In the sixth edition of Abu Dhabi Sustainability Week, one of the world's largest gatherings on clean energy and sustainable development, a country long steeped in oil-driven excesses leads a sustainable path for the region.
Plastic producers and users including Shell, ExxonMobil, LyondellBasell, Chevron and P&G are investing US$1.5 billion over the next five years to fight plastic waste, with a focus on Southeast Asia. The alliance claims this is the most comprehensive effort yet to end plastic waste.
Cheap meals at hawker centres have become a vital part of Singapore's food security, but a government move to privatise the management of these popular food joints does not benefit hawkers, critics say.
Susan Lim –
China has one of the world's largest fleets of low-carbon emission buses. ADB's Susan Lim shares experiences on how this technology was put in place so that other Asian cities can do the same.
Robin Hicks –
After China banned waste imports, Malaysia has taken up the slack with worrying consequences, a Greenpeace investigation has found. Much of Malaysia's imported trash—most of which comes from the US, UK and Japan—is not recycled, but dumped or burned.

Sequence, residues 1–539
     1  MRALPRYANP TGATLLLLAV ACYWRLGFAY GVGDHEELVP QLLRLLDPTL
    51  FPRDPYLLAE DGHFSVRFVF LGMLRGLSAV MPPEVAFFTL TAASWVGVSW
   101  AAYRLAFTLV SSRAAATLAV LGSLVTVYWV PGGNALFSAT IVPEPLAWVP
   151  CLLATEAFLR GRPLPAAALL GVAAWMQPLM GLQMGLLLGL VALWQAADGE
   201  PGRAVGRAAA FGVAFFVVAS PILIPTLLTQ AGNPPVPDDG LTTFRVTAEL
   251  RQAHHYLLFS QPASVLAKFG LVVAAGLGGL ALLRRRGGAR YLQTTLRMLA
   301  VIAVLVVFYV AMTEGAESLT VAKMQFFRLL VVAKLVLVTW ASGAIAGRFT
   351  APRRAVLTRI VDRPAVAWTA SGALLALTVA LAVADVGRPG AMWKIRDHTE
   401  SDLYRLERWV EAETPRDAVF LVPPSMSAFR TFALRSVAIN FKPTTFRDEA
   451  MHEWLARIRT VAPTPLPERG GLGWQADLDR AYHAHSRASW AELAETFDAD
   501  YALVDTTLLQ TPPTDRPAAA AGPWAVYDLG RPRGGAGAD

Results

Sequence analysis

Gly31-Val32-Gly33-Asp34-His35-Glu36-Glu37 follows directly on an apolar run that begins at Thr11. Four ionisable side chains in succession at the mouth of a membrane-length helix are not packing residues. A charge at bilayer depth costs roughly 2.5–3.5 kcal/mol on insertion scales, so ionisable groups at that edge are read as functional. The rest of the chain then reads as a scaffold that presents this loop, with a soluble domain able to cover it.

Mishandled baby sea turtles, a university's plastic straw ban, and tips on how to save a world-famous beach—these were some of the most popular stories from Eco-Business this year. Why did they make such an impact with our readers?
[The EB Podcast] In this concluding episode of the Let’s Write the Future series, we explore how the rise of renewable energy, the electrification of transport and the Fourth Industrial Revolution are changing our lives, cities, and the world.
Technology evolution is widely regarded as the key to managing challenges such as climate change and inequality; but there's also the risk that the changes arising from this won't make society better. How do we get innovation right?